Put the duck, skin-side-up in its original pan, in the oven and cook for 10 minutes. The internal temperature will be about 135°F. Let the duck breasts rest on a cutting board for 10 minutes before slicing. While the duck is in the oven, begin the gastrique. Heat sugar in a small pot over medium heat without stirring for 5 minutes, just swirling the pot slightly when the sugar is starting to melt. Once sugar is completely melted, caramelizing and turning brown, add vinegar and stir with a wooden spoon for 5 more minutes. Pour in orange juice and zest to simmer for a good 5 minutes until reduced to thick syrup.

Serve sauce over the sliced duck breast.

It may not be pretty, but tacky sauce aside, it was pretty great.

For the side dishes, I knew I was going to do a starch and a vegetable. I thought that mashed potatoes would go nicely with the duck and the sauce, and then I saw this recipe that included raclette cheese, which I've cooked with once before. While my first attempt at steak tartar was a flop, Nathan and I both loved the bubbly raclette cheese and potatoes, so I was quite excited to try another dish with those two ingredients.

If anything, these might have been even better. I don't know. They were certainly very rich, with the milk and cream and cheese, but if you can't eat something decadently caloric during a big romantic dinner, when can you? Or maybe normal women want to be ladylike and demure and not stuff their faces on a big night. I don't know; I don't even know how to curl my hair or walk in stilettos! Sometimes I feel like I missed "Being a Girl 101."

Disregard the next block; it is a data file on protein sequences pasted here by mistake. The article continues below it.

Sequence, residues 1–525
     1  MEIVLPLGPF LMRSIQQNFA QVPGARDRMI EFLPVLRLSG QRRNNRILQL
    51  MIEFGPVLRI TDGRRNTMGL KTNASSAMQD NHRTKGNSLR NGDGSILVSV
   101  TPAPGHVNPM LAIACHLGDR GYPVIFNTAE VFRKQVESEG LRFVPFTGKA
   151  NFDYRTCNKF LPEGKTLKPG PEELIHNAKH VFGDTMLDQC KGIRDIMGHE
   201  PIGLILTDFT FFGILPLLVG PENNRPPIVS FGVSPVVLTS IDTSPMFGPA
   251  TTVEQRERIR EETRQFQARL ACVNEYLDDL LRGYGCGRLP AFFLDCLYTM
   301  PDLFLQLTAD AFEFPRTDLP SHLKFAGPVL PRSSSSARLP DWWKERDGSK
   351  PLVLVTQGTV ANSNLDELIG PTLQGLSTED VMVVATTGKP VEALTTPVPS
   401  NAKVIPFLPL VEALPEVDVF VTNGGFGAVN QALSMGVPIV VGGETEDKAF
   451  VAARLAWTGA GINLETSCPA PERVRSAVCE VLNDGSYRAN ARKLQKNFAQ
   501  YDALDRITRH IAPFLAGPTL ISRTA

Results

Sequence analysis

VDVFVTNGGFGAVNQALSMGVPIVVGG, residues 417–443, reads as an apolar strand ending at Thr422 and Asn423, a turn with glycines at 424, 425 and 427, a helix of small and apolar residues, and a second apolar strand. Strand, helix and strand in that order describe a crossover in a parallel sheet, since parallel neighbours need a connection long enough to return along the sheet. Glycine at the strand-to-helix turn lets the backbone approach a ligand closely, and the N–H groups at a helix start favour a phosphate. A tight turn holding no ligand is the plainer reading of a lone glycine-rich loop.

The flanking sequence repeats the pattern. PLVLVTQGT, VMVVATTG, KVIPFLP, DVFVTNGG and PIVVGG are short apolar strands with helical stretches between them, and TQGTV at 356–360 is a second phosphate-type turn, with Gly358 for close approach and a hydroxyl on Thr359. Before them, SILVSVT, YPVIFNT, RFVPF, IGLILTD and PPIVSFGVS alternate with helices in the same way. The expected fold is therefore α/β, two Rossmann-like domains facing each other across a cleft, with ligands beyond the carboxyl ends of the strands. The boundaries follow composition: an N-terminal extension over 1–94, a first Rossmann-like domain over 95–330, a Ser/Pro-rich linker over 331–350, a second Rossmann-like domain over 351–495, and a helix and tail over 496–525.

But regardless, these potatoes are bomb. There's a little garlic in there, which of course makes me happy, and they had a really great creamy texture. The only thing is that I should warn you that raclette might be a little stinky/funky when it is cold. The particular batch was fine both melted and at room temperature, but the first time I bought it, there was a very off-putting aroma and taste before the cheese was melted. Luckily, the funkiness totally mellowed after pass through the oven, so just try the stuff warm before you write it off. After all, that's how it's meant to be served.

Aligot Mashed Potatoes with Melted Raclette Cheese
adapted from Serious Eats

4 large Yukon Gold potatoes, peeled and diced  
½ cup heavy cream